18 July 2010

at the crossroad

I am fully aware that it is impossible for my children to acquire Dusun naturally because of the following reasons:
1. we live in a housing area in which the people are multiracial and multilingual
2. my husband and I do not speak Dusun to each other, mostly because when I first met him I haven't completed my Dusun language acquisition process yet :-)
3. the few years we spent outside of the country made the struggle more difficult because we were detached from most things Dusun, and the children have managed to fully acquire the dominant language.

Thus, I tried for a while to create a Heritage Language lesson for my children at home. I created teaching materials with a lot of clipart objects and aided with the best intention, started teaching them the body parts, greetings, question words etc in Dusun. That was a few years ago when my eldest was in year 2 and the second was in kindergarten. Well, the lessons lasted a few weekends, until I let busyness took over and forgot to find the time to create more lessons.

I've almost forgotten all about them, until my eldest suddenly said to me that she actually missed all my lessons because they were so fun. I was amazed that she even think they were fun at all, as I remember feeling frustrated because they couldn't get the concept (blame it on me being too used to teaching older students). And she said, "and mom, since we are Dusuns, why don't you start teaching us again? It's kind of weird saying that I am a Dusun when I can't even speak".

Her remarks made me feel guilty. And yes, I understand her feelings perfectly. At her age, I started to wonder why my parents spoke to my siblings and I in Malay instead of Dusun. And ended up being resentful about it for a while. Who wouldn't when everywhere you go you got chastised for speaking 'bad Dusun'? They didn't realize what they did to us the children then. Whereas me, I am fully aware of what is happening to the children's language acquisition and all. I guess I should be thankful that my daughter gave me the wake up call. Yes, I'm going to resume the lesson sessions.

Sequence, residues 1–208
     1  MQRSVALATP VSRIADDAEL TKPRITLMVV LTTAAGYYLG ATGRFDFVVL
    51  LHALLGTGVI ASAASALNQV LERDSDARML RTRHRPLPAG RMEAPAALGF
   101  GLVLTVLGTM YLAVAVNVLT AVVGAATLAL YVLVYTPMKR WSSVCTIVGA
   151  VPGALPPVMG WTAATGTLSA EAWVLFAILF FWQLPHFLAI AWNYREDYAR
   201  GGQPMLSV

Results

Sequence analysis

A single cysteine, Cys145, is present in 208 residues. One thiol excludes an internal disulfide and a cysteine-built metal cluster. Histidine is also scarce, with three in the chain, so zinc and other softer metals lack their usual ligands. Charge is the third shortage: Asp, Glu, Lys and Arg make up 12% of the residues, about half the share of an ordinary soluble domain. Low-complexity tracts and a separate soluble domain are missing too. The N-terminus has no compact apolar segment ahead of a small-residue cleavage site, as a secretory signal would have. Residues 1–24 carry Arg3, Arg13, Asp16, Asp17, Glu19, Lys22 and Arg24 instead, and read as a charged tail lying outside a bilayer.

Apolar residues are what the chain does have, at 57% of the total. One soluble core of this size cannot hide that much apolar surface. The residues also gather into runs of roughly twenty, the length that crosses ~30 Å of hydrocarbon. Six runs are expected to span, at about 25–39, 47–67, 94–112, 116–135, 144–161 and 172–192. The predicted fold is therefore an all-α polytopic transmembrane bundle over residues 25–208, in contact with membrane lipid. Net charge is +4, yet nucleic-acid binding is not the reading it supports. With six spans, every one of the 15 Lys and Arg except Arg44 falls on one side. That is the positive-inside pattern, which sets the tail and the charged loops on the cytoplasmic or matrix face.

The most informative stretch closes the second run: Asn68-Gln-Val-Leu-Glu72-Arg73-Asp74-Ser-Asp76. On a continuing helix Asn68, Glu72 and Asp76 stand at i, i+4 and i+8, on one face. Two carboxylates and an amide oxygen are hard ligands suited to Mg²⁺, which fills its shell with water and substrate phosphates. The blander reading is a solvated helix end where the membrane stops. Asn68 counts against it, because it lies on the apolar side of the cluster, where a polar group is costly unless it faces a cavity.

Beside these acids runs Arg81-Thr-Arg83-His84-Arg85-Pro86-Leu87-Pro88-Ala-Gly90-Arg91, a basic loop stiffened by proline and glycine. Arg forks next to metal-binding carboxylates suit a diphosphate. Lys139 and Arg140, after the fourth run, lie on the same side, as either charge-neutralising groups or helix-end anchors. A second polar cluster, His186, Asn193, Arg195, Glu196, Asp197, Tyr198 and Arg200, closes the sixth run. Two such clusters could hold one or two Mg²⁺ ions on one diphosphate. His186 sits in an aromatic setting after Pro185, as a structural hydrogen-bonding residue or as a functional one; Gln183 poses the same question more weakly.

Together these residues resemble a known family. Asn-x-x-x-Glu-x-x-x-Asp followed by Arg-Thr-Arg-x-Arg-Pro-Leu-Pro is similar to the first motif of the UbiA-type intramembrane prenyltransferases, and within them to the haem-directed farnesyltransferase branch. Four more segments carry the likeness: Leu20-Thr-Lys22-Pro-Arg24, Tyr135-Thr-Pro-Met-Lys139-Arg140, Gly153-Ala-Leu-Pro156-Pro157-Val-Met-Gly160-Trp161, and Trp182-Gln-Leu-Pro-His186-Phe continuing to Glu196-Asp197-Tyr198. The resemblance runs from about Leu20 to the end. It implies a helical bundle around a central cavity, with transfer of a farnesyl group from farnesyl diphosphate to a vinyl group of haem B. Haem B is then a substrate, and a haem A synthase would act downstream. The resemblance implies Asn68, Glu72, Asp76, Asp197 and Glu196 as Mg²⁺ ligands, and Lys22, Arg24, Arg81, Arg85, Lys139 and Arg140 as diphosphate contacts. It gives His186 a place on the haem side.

The Dusuns are at a crossroad. To be in the mainstream or to hold on to tradition? It takes a lot of efforts to try to find a balance between the two. Because no one can stop a language from changing, the Dusun I teach my children will be one that is already 'diluted', and may even be considered non-standard by those who have the advantage of acquiring the language in a natural environment. But at least I try my best...and help Dusun to survive.


Wel^Beiolman said...

right...as for me who grew up (10yrs) in sandakan (mostly bugis, pilak, bajau and sungai) and gone back to Tambunan during school holiday only..I'm thankful I could at least understand most of Dusun word/sentences...to speak I can't though so it's common if I have a chat with elderly in Tambunan to speak dusun but I reply in BM..haha...sometimes I do ask around from elderly some weird words and how to re-arrange a dusun sentences for better suit..haha...

slowly learning though..hei I'm happy I could understand dusun compare to my other siblings..haha

Verone said...

wel, that is the trademark of Dusuns of your generation, as you acknowledged, mostly due to locality factor. And yes, at least you can understand! That is good enough. That's why we really do need a heritage language programme for our community :-)

Fely said...

Hello there! Was just visiting and found your blog absolutely fascinating! You know, I am in the UK married to orang putih, surrounded by orang putih. The kadazan i pass down to my kids is absolutely limited because I dont speak very good kadazan myself. So sad!! I would love for them to be able to speak at least a few words, which is why I keep saying a few kadazan words in my sentences. Hope that will work. Good luck to us all!